For Immediate Release

Contact: Lola Rainey

Local activists claim recent jail deaths are linked to corruption, racism and a culture of violence in the Pima County Sheriff’s Department

The community must reset it’s moral compass by demanding greater transparency and accountability from Sheriff Napier

TUCSON, Arizona, December 27, 2019​. In 2019, two men, David Maxwell and Francisco Ruiz died without ever having the opportunity to prove their guilt or innocence at the Pima County Jail. Each of their deaths were directly linked to excessive force encounters with correctional officers. Arrested at different times on unrelated charges, they were both denied pretrial release.

“Caging people for pretrial detention does not make our community safer,” said Lola Rainey, Director of the Tucson Second Chance Community Bail Fund, “David Maxwell and Francisco Ruiz would be alive today if the Courts had released them back into the community. Their deaths are the direct result of the culture of violence, racism and corruption that pervades the Pima County Sheriff’s Office.”

She added, “The community must reset it’s moral compass by demanding greater transparency and accountability from Sheriff Napier, his senior officers and deputies.”

Local community activists have scheduled a press conference for Friday, January 3, 2020, 9:30 a.m., at the Historic Y, 738 N. 5th Ave., Tucson, AZ 85705, to set out specific demands
to end the unchecked violence at the jail as well as to push for investment in alternatives to pretrial detention. A list that includes:

  • The demand for an FBI investigation into possible civil and human rights violations occurring at the Pima County Jail;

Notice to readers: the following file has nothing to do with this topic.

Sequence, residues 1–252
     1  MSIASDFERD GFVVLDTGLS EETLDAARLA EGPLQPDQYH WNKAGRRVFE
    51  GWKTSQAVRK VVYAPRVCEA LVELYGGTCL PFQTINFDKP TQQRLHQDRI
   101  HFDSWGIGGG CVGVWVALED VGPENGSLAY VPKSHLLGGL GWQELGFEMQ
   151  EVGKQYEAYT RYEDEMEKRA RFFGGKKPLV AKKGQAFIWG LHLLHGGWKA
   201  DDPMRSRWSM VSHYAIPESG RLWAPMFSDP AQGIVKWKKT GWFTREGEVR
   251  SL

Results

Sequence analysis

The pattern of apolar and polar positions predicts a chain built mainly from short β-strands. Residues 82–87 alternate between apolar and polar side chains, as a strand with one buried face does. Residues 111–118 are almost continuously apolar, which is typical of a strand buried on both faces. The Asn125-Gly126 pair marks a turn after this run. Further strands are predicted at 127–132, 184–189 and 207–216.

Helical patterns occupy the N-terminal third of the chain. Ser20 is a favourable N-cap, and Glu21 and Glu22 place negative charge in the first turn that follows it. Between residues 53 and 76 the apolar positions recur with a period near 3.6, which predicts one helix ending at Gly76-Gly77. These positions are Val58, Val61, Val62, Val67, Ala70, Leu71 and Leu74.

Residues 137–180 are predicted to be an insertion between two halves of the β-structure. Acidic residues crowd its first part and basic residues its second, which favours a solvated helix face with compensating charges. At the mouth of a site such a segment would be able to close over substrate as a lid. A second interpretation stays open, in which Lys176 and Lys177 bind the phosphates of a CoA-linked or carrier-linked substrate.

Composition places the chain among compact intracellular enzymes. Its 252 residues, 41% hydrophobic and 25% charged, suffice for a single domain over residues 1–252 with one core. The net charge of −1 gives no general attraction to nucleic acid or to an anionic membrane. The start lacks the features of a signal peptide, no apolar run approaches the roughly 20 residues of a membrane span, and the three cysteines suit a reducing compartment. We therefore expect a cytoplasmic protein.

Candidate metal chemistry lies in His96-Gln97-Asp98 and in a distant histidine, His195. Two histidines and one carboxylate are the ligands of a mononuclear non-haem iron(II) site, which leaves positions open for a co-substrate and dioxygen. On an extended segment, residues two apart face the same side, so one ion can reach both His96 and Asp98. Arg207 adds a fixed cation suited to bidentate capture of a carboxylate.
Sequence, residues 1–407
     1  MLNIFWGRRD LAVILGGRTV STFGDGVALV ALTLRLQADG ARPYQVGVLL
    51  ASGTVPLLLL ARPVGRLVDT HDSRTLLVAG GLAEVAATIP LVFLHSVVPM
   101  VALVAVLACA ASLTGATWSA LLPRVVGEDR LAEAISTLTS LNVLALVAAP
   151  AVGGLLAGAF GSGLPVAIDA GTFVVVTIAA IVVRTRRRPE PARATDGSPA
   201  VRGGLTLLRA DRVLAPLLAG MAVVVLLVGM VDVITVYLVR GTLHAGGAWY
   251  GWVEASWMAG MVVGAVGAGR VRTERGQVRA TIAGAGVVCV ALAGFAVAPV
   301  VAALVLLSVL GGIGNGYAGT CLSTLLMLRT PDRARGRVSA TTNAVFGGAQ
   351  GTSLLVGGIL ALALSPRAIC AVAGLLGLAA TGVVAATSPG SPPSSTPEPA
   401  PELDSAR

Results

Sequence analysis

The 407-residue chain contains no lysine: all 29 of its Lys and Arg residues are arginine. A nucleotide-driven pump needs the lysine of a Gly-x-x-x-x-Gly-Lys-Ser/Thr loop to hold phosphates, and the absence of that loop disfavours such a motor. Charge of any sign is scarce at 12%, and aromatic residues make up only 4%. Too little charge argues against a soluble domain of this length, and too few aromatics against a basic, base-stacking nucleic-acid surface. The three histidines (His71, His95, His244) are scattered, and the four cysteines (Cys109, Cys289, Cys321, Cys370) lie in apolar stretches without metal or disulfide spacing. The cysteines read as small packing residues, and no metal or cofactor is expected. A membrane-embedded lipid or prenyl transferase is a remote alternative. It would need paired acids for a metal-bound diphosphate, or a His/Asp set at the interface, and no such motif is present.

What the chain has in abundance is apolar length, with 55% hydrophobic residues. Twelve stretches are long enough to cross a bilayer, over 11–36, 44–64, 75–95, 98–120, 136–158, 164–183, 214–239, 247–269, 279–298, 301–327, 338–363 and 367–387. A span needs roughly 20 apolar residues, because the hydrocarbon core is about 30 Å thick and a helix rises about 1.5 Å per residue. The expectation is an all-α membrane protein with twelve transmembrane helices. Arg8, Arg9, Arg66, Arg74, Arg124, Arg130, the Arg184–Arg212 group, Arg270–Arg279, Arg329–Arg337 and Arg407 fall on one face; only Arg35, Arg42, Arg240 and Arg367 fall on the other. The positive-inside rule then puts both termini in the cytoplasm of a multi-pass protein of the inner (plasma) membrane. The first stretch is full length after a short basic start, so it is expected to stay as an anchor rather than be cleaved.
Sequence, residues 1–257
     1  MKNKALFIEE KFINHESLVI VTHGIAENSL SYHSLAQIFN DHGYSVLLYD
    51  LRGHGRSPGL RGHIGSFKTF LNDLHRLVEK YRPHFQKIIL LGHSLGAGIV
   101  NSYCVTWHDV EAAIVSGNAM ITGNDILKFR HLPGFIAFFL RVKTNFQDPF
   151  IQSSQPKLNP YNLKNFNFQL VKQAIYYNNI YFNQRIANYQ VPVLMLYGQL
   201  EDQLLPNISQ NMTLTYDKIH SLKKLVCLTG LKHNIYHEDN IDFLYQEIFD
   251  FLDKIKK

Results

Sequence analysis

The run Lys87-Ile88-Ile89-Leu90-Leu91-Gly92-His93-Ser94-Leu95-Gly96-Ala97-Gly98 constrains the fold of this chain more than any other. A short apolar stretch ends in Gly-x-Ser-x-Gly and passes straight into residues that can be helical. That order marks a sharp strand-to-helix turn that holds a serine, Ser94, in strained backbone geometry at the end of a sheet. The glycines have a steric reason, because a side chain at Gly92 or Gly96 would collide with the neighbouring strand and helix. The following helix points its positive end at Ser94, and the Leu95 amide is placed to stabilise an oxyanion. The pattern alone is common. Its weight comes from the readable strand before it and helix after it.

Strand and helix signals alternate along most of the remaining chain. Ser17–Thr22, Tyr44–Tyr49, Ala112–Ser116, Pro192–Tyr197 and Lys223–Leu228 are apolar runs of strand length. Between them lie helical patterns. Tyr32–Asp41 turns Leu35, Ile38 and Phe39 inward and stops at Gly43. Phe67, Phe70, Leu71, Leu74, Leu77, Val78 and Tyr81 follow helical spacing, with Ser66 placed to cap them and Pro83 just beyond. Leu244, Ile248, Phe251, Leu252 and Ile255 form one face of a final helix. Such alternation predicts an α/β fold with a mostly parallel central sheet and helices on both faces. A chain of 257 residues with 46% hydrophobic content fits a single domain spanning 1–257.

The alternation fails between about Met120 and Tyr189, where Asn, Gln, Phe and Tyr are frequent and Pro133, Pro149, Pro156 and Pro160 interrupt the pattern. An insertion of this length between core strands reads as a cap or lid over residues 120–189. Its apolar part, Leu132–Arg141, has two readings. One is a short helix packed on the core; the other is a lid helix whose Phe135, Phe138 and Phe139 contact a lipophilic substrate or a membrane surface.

• ●  The demand for an FBI investigation into the excessive force deaths of David Maxwell and Francisco Ruiz;
  • ●  The demand for the immediate demotion and removal of the Senior Officers in Sheriff Napier’s administration for their nonfeasance, misfeasance and malfeasance which has helped to create and support the corruption, racism and culture of violence at the Pima County Jail;
  • ●  A demand that City Court Magistrates make granting pretrial release to all defendants a general rule of practice;
  • ●  A demand that City Court Magistrates stop using cash bail to keep poor defendants caged in jail;
  • ●  A demand that all future excessive force related deaths occurring at the Pima County Jail be investigated by an outside law enforcement agency;
  • ●  A demand that excessive force death autopsies be conducted by an independent medical forensics expert not the Pima County Medical Examiner;
  • ●  A demand that any prosecutorial review of excessive force death cases occurring at the Pima County Jail —be conducted the State Attorney General’s Office or the Arizona United States Attorney’s Office not the Pima County Attorney’s Office; and,
  •   A demand that the Pima County Board of Supervisors end it’s unsustainable investment in “guns and bullets” and instead reallocate resources currently given to law enforcement to community human and social services which do far more to make us safe by disrupting the cycle of poverty, sickness and addiction that often leads to destructive acts.

70%-80% of those being incarcerated at the Pima County jail are there on pretrial status, meaning that they have not been convicted of a crime.